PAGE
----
In an analysis of 54 metropolitan areas, RE/MAX National Housing Report has conveyed the largest inventory increase in a decade. Although home sales themselves have scaled back by 11% on an annual basis, the increase in inventory has averaged 6% year-over-year. This greatly improves the market as there was a multi-year scarcity of homes for sale. Compared to just last year, January which is typically a slower month for home sales, had an improvement of .5 overall.
Baby Boomers continue to retire in waves without adequate savings to support themselves and their family during their golden years. It is becoming extraordinarily clear that the country is on the brink of a retirement crisis. As health care costs continue to skyrocket and pensions dwindle, Social Security is simply insufficient for the longevity of this generation. This all sounds doom and gloom, until it’s pointed out that many Americans are literally sitting in a pile of cash; their homes. Capitalizing on the equity of one’s home can solve many later in life money issues.
The Department of Housing and Urban Development announced its plan for awarding $10 million in “sweat equity” grants to nonprofit organizations. The funding is sourced from HUD’s Self-Help Home-ownership Opportunity Program. The actual money in combination with the labor from both volunteers and home-buyers will lower the overall cost of home-ownership. A minimum of 50 hours is required for a single ownership household, and the hours are doubled for a household of two. Community service is another requirement for eligibility. During the initial round of grants awarded more than half of the capital, around $5.3 million is going to Habitat for Humanity.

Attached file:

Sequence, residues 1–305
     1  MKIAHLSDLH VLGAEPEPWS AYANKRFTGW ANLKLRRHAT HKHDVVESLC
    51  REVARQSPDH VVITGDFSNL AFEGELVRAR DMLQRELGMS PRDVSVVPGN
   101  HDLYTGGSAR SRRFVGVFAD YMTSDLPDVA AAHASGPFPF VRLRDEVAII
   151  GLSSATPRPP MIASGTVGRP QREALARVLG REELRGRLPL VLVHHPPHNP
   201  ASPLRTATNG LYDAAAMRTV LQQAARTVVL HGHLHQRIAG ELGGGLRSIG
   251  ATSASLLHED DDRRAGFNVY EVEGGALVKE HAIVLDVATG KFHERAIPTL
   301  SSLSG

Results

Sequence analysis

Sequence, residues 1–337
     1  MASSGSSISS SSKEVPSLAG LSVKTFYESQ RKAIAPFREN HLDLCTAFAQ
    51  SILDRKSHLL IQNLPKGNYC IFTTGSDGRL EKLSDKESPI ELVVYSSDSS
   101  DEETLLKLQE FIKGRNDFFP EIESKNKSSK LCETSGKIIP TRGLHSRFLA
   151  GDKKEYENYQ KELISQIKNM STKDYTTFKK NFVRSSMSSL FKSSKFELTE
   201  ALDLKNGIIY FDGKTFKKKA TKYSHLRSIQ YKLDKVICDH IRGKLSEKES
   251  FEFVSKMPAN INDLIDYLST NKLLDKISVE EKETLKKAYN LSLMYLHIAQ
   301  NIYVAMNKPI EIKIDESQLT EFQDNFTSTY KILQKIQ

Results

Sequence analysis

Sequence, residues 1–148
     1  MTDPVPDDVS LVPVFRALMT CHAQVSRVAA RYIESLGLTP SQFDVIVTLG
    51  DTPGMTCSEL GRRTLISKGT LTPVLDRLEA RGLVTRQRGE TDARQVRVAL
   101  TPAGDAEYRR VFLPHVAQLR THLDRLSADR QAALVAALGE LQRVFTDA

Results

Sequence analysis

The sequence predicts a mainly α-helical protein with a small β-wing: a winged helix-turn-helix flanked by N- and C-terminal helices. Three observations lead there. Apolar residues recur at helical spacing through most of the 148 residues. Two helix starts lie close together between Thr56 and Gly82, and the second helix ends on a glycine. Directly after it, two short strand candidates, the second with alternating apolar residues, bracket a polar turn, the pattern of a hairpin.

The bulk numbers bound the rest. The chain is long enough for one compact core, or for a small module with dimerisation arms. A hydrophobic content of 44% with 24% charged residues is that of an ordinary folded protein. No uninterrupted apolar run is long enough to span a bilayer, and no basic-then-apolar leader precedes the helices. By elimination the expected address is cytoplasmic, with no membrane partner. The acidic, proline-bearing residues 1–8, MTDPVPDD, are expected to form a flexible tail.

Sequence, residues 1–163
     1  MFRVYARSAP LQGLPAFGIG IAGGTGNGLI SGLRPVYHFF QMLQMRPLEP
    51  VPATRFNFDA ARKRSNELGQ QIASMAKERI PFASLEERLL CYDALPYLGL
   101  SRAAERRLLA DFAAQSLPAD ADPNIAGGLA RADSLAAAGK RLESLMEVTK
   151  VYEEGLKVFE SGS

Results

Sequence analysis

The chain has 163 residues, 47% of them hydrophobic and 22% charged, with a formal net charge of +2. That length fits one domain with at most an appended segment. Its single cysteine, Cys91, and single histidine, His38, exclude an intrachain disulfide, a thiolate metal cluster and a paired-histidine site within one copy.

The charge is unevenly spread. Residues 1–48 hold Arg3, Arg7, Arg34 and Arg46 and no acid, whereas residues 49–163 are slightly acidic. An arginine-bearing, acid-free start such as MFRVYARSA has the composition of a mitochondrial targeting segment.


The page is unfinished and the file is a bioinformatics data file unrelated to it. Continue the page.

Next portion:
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While inventory is at a decade high, the affordability of homes for sale on the market is at a decade low. With only 56.6% of homes being affordable for the country’s median income, the National Association of Home Builders is calling on policymakers to make some changes. The Chief Economist of the NAHB, Robert Dietz indicates that wage growth is under performing while home appreciation continues to rise.
The U.S. Census Bureau’s most recent American Community Survey reported homeowners are currently spending more money per month than renters in all 50 states. This data was compiled tracking the median housing costs from 2013-2017. Costs such as mortgage payments, home insurance, property taxes and maintenance are making it far more expensive to own a home. However, experts say while renting saves money month to month it will not pay off in the end. Investing in a home can increase the home’s equity and look to put cash back in your pocket. A mortgage is a major expense, but once it is dropped off the monthly spending homeowners can expect a significant increase in their savings.
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Four-in-five Generation Zs (those aged 18 to 24) want to own a home and are actively saving for a downpayment “like no generation before them.” Twenty percent of this young generation wants to own their home before they’re 25. Their overwhelming desire and adamancy to save, coupled with the timing of them “graduating into one of the best labor markets in generations”, could give them a leg up.
Renters face more financial uncertainty than homeowners, with over 25 percent of the nation’s renters not confident they could cover a $400 emergency and over 30 percent feeling insecure about food.
Independent females are on the rise. One-in-five homebuyers are single females, outnumbering single male homebuyers two to one.
Zillow has officially entered the mortgage industry, acquiring Mortgage Lenders of America with plans to rebrand the company in 2019. They hope to streamline, shorten, and simplify the homebuyer process. Can’t say we disagree. Good philosophy to have—we find it not only necessary but essential.
Initial Jobless Claims for last week were reported at 214K. It might not be new news but it’s always good news for the economy—and housing—when employers are keeping their employees. More importantly, the BLS Jobs report showed 250K jobs created in October, greatly beating the almost 190K expected. Unemployment remained flat at 3.7 percent—the lowest level in nearly 50 years—and the average Weekly Earnings remained stable at a 3.4 percent annual increase, an 11-year high.